"A philosopher, a scientist and a software engineer" walk into a bar...

  • Nov 29th, 2012 @ 12:36pm

    We the People

    Would this be worth petitioning in the White House's "We the People" site?

  • Nov 6th, 2012 @ 2:58pm

    Goodbye Star-Wars Commercials

    Would the recent appearances of Darth Vader in commercials be possible if Disney held the rights...


  • Aug 15th, 2012 @ 7:36am

    In Mexico, major studio films never got here to begin with

    The studios have such a low regard for the Latin American audience, that they never offered good movies in Netflix to begin with.

    I buy Blue Ray discs of movies I like, except when they're ridiculously overpriced. So I generally wait a year or so after their release. Before that, I watch them in the movie theater and download them from torrent sites. I don't feel guilty. I'm paying at least twice for them, and waiting over a year for them.

    If they were offered at a normal price, 2 weeks after release, I'm sure their sales would go through the roof in Mexico.

    I refuse to buy bad movies, pay for cable, or Netflix. I don't want to encourage Hollywood to shoot itself in the foot any further.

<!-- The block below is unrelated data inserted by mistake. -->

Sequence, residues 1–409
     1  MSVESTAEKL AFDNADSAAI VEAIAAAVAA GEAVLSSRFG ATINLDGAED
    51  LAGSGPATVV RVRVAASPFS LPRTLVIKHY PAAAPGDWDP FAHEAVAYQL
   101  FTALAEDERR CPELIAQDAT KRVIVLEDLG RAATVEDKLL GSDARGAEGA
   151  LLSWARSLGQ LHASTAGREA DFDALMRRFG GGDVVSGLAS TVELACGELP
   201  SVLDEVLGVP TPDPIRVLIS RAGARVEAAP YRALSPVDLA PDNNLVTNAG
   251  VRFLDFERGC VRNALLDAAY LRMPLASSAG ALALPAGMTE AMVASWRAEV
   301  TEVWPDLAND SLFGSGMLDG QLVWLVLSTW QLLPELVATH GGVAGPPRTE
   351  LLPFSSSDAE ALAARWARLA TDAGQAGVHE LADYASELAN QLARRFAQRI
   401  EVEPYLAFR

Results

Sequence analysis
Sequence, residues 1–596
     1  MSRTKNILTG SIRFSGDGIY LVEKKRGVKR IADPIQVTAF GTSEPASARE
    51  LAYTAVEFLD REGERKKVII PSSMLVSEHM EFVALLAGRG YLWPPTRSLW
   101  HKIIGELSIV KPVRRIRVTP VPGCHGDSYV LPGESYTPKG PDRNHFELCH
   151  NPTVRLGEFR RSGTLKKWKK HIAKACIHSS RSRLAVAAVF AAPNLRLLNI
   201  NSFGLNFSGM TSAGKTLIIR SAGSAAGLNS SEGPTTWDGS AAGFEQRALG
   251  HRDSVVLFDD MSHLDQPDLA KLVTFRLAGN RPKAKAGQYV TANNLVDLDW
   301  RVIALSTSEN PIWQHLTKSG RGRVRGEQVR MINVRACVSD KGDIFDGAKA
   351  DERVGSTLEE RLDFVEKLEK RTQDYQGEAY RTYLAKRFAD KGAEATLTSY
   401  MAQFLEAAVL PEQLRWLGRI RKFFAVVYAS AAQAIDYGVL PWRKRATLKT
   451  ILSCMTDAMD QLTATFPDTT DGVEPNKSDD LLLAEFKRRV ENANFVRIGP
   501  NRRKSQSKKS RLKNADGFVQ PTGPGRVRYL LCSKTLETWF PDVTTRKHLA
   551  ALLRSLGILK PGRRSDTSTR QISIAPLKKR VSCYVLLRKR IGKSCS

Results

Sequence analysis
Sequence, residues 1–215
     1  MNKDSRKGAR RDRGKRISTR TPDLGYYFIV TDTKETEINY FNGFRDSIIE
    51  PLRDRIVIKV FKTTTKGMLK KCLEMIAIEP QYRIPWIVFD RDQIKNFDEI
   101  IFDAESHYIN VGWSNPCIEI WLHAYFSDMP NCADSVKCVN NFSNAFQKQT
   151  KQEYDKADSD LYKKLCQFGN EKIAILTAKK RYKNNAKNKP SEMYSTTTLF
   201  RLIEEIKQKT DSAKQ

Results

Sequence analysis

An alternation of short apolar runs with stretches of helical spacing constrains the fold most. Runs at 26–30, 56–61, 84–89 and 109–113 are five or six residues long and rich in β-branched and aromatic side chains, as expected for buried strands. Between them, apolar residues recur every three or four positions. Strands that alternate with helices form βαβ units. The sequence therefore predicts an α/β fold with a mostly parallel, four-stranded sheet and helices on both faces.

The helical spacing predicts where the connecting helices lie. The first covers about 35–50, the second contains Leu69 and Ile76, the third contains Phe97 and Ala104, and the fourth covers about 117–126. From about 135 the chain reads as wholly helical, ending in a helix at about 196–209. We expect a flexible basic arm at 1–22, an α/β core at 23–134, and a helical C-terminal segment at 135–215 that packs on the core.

• Jun 26th, 2012 @ 7:20am


    I think you _should_ use the word corruption when talking about the RIAA and the MPAA. It's the perfect word for it, and I hadn't seen it. It seems obvious now.

    They're focused on infringement, while they've committed bribery and abuse of monopoly, and eroding democracy. They're the ultimate hypocrites!

    If you measure the impact of infringement vs the impact of their corruption on the common good, they are the worse offenders.

  • Apr 26th, 2012 @ 1:19am

    Re: Re: Re: Re: Re: Re: Bandwith and Fake Interaction

    I do most of my interaction on Facebook with 10 or so friends, and we do see each other in person at least every few days or so. After Google+ and Facebook introduced circles and friend lists, I put those people on a "close friends" group, and share the private stuff only with them.

    When I didn't have Facebook I was nagged silly with emails from people inviting me to join. After I joined 5 years ago, I get 1-2 friend requests almost every day.

    I used to be very popular (I was in a megachurch worship team in Honduras) and knew 600-800 people by name there. Besides that, I've made several hundred acquaintances in each city I've lived. Them make up the bulk of my fb friends.